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Medical Isotope Production without Highly Enriched Uranium
Increasing difficulty of transporting Mo-99 across international borders, especially by air.
Supply reliability is in comparatively better shape in other major world regions, notwithstanding the recent outages that are discussed elsewhere in this chapter. As noted in Chapter 3 and discussed in more detail elsewhere in this chapter, Europe is in the process of replacing two aging reactors; Australia recently commissioned a new reactor (Open Pool Australian Lightwater [OPAL]) and plans to bring a new Mo-99 production facility online in 2009; and Argentina recently upgraded its Mo-99 production facilities and has also begun planning to replace its aging reactor (RA-3).
The discussion in this chapter is organized into three sections. The first provides an examination of general Mo-99 supply reliability issues independent of whether HEU or LEU targets are used to produce this isotope. The second section provides an examination of Mo-99 supply reliability issues that could arise as a result of conversion from HEU to LEU targets. The third and final section provides findings to address the study charge.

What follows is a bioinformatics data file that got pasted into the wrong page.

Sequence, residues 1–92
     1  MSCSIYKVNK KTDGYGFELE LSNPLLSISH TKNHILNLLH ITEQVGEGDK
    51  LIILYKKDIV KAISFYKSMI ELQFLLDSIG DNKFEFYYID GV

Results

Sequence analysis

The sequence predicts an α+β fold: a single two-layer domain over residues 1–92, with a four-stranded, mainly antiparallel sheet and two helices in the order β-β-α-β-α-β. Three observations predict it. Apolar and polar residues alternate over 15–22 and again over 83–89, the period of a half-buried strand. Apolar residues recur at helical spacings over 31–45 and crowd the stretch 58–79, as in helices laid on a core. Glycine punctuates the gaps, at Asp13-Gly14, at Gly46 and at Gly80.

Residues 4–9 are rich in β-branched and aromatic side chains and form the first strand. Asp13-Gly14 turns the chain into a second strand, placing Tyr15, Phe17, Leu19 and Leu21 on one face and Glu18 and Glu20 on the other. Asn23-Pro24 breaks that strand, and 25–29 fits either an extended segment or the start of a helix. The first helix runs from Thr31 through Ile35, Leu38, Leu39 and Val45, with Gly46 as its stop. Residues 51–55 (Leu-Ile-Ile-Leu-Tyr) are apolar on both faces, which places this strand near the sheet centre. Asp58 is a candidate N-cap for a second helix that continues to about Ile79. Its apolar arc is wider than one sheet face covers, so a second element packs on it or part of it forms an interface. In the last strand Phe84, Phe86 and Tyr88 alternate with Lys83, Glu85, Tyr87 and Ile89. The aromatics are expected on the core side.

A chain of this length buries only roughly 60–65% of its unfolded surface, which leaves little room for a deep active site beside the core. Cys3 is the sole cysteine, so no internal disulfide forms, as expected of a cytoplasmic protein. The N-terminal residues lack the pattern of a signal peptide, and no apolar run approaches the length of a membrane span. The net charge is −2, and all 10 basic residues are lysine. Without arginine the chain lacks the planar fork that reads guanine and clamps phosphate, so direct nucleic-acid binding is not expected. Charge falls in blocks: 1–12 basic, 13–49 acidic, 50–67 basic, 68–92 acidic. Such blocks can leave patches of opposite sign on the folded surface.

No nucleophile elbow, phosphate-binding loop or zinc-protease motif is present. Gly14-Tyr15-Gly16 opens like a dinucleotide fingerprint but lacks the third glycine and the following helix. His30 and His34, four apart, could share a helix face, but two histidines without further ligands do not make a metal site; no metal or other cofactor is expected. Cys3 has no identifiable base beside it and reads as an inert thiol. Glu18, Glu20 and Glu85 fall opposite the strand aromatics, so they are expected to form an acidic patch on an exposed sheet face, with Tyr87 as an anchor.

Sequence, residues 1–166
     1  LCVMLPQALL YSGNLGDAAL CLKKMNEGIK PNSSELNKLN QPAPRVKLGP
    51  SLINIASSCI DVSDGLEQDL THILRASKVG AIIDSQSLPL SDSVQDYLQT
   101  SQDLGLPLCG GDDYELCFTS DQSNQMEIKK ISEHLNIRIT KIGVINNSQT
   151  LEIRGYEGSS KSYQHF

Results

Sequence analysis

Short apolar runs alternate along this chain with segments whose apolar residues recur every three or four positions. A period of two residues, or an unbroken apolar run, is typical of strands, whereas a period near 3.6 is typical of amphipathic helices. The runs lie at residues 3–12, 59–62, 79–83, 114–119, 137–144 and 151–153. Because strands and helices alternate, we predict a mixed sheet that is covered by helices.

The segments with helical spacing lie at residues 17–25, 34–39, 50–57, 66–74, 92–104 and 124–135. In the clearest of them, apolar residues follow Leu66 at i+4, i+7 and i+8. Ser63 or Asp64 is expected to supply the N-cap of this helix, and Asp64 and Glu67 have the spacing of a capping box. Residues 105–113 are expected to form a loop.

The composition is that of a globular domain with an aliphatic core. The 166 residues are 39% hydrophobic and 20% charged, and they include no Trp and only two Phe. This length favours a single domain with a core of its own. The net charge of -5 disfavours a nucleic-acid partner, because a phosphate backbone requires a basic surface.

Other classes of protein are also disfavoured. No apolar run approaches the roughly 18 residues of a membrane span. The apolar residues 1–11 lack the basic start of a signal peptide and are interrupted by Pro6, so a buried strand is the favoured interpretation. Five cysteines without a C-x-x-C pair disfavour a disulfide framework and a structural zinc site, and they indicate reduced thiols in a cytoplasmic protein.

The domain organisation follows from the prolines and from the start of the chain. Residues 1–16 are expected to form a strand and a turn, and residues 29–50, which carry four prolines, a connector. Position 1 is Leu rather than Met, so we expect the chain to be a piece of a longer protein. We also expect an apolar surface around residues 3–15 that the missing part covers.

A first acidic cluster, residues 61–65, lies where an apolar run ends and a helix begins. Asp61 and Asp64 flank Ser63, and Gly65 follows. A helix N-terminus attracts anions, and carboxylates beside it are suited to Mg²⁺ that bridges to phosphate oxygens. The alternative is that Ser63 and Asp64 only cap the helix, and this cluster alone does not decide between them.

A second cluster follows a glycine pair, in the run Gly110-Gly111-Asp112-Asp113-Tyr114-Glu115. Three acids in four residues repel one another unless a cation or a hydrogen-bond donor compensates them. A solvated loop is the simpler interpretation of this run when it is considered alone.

MOLYBDENUM-99 SUPPLY RELIABILITY: GENERAL ISSUES
The general supply reliability issues that will be discussed in this section arise roughly on two timescales: days to weeks (short timescales) and months to years (long timescales). Over short timescales, supply reliability problems are primarily the result of:
Planned or unplanned facility outages combined with limited excess capacity for Mo-99 production elsewhere.
Problems with transporting Mo-99 from production facilities to technetium generator producers.
Such disruptions, although temporary, can lead to severe disruptions in diagnostic imaging procedures that can affect the continuity of patient care.
All of the reactors that produce Mo-99 must be shut down periodically for refueling and other maintenance. Even the best run and maintained reactors will be shut down on a monthly or more frequent basis for a total of at least 50 days per year (see Table 3.2). The operational programs and planned shutdowns of reactors in Europe (Belgian Reactor II [BR2], High Flux Reactor [HFR], and Osiris) and South Africa (Safari-1) are coordinated so that there is available reactor capacity for medical isotope production.3 Also, the two European Mo-99 producers (Mallinckrodt and
However, as discussed elsewhere in this chapter, unplanned shutdowns can result in insufficient reactor capacity.